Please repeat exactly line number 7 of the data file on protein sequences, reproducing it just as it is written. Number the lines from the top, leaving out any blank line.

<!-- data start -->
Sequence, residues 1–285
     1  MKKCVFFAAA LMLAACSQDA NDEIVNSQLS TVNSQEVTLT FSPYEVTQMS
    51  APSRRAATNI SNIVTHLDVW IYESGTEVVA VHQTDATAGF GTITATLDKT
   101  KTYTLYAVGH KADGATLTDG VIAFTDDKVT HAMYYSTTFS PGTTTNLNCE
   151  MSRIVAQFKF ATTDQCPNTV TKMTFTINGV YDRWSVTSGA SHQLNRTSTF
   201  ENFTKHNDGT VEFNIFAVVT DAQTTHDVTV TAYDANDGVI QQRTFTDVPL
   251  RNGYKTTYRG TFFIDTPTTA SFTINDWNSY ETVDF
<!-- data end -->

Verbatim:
   251  RNGYKTTYRG TFFIDTPTTA SFTINDWNSY ETVDF